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It had been little over a week since Princess Elizabeth had said goodbye to her father at London airport when news came that he had died peacefully in his sleep on February 6, 1952. Elizabeth arrived back on the evening of February 8 to be proclaimed Queen.
Albert Frederick Arthur George Windsor, the second son of George V and Queen Mary had succeeded to the throne in 1936 when his brother Edward VIII and abdicated. Encumbered with an appalling stutter, a desperate shyness and a habit of smoking about 60 or so cigarettes a day, he nonetheless endeared himself to his people. During the Second World War he had braved the air raids by staying in London and visiting his bombed out subjects in the burning city. In 1947 he had substituted the title of Head of the Commonwealth for that of Emperor of India.
The special number of the ILN, ‘The Death of King George VI’ of February 16, 1952

(Appendix List No. 143)
commemorates the life of the late King and celebrates the Proclamation of the new Queen. A first section shows the coffin resting in the Sandringharn church watched over by Estate workers; the progress of the coffin to its Lying-in-state at Westminster Hail, and the cortege passing through the streets of London lined with silent, grieving crowds. A second section covers the Queen’s homecoming from her landing at London Airport to her arrival at Clarence House. A third section illustrates the childhood, youth and young manhood of the late King, historic events during his reign and his happy home life. A final section depicts the life of the new Queen from childhood and girlhood through her marriage and motherhood, to scenes of her proclamation in England, Scotland and Wales.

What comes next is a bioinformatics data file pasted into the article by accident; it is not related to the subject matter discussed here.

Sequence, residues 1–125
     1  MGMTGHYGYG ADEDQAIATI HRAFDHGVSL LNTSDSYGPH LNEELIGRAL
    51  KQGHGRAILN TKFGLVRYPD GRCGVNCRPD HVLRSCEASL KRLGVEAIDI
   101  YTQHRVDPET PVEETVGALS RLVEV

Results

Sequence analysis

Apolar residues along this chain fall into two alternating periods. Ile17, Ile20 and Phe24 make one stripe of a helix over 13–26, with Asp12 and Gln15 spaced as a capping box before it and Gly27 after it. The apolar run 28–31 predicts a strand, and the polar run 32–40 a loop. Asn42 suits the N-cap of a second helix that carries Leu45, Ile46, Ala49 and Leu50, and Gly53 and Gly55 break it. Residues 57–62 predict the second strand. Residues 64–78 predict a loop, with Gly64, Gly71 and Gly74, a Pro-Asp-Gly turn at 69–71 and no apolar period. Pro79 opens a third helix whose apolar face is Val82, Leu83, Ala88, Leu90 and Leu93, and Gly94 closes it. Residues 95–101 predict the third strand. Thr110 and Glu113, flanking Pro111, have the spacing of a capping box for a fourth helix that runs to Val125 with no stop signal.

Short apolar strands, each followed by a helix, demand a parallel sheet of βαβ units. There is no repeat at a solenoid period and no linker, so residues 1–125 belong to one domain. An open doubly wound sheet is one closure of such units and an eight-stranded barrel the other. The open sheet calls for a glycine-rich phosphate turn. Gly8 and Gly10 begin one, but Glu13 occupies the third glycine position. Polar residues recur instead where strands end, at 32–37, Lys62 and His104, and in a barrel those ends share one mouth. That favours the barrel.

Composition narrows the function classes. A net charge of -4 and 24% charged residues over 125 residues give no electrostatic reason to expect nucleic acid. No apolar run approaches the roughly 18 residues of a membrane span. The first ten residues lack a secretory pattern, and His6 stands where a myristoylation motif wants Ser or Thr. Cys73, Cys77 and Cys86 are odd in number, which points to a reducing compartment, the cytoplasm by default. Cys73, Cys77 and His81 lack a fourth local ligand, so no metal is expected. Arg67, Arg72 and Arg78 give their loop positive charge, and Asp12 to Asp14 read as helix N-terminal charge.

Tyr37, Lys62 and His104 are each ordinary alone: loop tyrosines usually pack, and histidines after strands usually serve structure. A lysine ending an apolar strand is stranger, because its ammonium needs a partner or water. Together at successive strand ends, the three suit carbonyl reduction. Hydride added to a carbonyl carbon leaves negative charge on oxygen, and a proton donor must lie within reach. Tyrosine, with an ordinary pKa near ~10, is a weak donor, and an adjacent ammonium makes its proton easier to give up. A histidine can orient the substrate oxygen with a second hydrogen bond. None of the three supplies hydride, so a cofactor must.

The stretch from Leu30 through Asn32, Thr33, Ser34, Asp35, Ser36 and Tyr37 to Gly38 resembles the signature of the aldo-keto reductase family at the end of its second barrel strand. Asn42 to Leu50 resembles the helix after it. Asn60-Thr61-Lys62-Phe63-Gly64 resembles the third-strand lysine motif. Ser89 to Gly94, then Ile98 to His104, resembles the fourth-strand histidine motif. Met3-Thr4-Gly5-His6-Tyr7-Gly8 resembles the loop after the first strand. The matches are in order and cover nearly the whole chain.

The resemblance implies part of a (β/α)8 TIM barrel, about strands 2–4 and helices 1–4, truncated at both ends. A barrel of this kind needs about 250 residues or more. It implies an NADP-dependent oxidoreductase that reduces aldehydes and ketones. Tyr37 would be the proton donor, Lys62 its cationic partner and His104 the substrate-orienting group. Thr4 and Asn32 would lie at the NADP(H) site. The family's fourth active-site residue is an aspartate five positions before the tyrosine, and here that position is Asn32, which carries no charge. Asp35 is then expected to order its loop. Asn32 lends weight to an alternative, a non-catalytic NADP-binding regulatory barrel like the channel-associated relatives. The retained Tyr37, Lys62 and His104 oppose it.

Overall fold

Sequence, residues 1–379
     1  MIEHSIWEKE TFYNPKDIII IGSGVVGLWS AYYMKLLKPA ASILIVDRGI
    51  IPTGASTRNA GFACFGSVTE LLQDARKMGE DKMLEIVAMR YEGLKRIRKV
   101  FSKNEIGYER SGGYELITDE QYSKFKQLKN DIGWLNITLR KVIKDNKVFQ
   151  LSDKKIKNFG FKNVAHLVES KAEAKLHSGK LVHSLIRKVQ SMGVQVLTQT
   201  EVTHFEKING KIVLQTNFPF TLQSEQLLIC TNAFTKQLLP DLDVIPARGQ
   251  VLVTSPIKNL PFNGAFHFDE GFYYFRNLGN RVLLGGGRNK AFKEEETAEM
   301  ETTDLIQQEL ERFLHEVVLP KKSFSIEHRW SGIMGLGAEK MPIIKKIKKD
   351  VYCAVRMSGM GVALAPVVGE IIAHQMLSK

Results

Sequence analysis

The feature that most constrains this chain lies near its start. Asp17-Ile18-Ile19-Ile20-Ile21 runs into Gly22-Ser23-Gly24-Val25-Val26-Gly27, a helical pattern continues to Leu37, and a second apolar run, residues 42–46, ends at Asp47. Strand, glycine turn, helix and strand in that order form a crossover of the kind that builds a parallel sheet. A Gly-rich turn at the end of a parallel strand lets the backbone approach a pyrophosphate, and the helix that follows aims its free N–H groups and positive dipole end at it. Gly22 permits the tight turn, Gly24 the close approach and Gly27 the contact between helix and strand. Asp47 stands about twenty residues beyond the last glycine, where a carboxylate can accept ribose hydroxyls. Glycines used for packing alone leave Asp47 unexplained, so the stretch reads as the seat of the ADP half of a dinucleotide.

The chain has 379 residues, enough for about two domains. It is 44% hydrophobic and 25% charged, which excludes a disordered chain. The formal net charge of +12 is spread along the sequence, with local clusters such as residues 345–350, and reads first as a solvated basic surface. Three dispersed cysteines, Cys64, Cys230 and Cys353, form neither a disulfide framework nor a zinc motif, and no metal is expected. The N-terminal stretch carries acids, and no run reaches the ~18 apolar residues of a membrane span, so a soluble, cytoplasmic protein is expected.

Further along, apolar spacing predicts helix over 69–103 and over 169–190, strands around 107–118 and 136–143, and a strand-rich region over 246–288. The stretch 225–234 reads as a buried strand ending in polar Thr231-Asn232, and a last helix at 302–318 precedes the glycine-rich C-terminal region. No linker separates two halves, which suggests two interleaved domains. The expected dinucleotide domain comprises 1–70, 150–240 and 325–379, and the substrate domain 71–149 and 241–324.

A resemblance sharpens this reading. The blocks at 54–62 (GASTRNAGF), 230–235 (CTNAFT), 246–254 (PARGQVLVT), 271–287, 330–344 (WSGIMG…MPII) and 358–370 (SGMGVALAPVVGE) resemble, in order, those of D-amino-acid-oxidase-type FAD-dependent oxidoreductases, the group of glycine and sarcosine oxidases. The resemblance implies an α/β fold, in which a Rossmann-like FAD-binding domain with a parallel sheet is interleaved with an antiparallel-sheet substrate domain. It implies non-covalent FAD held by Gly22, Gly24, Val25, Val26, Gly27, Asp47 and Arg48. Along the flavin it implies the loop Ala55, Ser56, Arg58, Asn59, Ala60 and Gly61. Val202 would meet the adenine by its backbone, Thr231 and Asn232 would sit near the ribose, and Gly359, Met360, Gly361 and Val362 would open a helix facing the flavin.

The cover of the magazine, in mourning leather-effect purple, shows a black and white photograph of the King in an oval frame surrounded by the supporters and emblems of the royal arms.
This is issue number 5887, vol. 220, pages 237-292, measuring 37 x 26 cm and priced at three shillings and sixpence.

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